Surely, we need to do the same.
I have learned that without self-care and soul care, I have less capacity to love and care for the community to which God has called me. In other words, my mental and spiritual health are ministry priorities.
Give God your struggles and fears and let Him care for you (1 Peter 5:7). Consistently spend time in His presence. Pray in the Spirit. Meditate on the promises of Scripture. Start a prayer and reflection journal.
Jesus said, “Come to me, all you who are weary and burdened, and I will give you rest” (Matthew 11:28).
Mental illness and ministry can coexist. In fact, what I once thought would be the disqualifier to my dreams and purpose is the very thing God is using to help many in our ministry.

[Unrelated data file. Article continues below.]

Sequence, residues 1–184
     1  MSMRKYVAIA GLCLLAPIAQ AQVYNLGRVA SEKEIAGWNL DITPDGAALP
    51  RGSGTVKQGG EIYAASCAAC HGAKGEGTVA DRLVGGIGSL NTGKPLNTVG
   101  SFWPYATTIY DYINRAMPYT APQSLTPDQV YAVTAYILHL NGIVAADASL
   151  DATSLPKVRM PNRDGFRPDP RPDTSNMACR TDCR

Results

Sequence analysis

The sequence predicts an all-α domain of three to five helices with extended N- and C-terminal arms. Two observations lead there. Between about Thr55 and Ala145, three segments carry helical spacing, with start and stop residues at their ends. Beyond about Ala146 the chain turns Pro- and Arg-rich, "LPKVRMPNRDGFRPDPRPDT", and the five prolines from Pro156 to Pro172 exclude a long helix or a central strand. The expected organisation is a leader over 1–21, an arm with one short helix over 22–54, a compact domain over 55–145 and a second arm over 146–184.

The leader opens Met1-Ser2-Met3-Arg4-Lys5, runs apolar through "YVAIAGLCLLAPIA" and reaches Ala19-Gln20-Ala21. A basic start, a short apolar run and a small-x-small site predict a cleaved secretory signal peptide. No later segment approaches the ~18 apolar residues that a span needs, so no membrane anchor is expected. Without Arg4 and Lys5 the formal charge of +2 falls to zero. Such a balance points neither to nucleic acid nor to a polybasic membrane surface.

The greatest lesson I have learned from being a minister with a mental illness is that none of this is final for me. I lean into all God is doing right now. I participate with God in the miracle I want to see in my own life. I utilize the tools necessary to become healthy and effective, and I look to God to do what I can’t.
If you are dealing with a mental health issue, I encourage you to advocate for yourself, get the help you need, and trust God to work in and through your circumstances.
God is not about to revoke His calling on your life (Romans 11:29). He wants to show up in your situation and give you the compassion, strength, and faith to keep showing up for those you serve.
This article appears in the Summer 2022 edition of Influence magazine.